At a glance, we may feel that lenses (example- magnifying glass) and plane mirrors (example- looking mirror) are more or less the same, as both are made of glass. But, the two are very different from each other, when we consider their properties as regards their behaviour towards light rays.
Outwardly, the basic difference between the two is that Plane mirrors are flat, shiny glasses, do not let any ray of light to pass through them, instead Reflect (send back) all the light rays falling on them.
Lenses, on the other hand, are spherical, transparent glasses through which the light rays can pass and while passing through the lens, they get Refracted (bent) to finally converge or diverge, at or from the Focus.
What is a lens?
A lens is made up of two spherical glasses joined together.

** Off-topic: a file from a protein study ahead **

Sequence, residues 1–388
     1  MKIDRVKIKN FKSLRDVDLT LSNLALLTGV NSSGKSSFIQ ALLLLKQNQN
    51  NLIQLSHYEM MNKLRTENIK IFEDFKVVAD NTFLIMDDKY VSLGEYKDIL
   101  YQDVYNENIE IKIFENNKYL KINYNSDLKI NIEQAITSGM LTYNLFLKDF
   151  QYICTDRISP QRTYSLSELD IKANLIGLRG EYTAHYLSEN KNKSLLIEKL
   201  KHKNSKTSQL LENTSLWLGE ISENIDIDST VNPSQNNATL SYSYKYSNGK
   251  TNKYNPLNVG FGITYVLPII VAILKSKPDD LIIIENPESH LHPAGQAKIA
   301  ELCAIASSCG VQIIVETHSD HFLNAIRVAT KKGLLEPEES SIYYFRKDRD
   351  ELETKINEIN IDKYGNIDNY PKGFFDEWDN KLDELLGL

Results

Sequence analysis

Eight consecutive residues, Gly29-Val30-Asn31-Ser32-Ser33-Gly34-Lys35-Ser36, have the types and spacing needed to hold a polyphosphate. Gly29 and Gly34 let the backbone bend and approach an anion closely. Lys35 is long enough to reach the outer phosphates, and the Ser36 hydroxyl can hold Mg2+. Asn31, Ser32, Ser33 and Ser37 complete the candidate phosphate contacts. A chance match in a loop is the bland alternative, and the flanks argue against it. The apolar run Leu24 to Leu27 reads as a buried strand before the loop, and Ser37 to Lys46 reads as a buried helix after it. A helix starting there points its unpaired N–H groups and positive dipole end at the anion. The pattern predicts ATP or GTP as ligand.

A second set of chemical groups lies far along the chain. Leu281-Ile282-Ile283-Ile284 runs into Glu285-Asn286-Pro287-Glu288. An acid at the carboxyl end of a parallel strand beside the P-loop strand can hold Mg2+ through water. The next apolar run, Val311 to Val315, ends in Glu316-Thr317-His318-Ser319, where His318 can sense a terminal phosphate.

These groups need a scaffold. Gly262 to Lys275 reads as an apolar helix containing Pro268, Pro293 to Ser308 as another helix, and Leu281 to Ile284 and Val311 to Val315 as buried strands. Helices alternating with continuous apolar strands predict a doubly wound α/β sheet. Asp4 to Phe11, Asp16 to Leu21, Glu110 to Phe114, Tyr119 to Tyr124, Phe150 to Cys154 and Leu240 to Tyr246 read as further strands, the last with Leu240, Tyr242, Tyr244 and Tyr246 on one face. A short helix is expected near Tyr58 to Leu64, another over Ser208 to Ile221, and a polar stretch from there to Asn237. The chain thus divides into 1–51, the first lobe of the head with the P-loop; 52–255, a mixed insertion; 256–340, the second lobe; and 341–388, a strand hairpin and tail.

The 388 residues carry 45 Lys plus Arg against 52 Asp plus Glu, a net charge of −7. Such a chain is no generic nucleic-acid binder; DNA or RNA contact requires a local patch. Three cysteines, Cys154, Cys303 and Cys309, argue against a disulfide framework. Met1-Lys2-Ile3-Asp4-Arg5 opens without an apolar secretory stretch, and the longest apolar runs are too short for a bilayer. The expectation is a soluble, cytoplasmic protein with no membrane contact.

Lenses are of 2 types depending on their shape and properties:-
It is thickened (bulging out) in the middle and thinner towards the periphery. It converges all the light rays passing through it at the Focus. It is said to have a Positive Focus or Positive Focal length because the Incident ray and the refracted ray, both travel in the same direction.
It is thinner (bulging inwards) in the middle and thickened towards the periphery. It appears to diverge all the light rays passing through it from the Focus. It is said to have a Negative Focus or Negative Focal length because the refracted ray appear to diverge from the opposite direction of the Incident ray.
What is Focus, Focal length, Centre of curvature and Pole of the lens?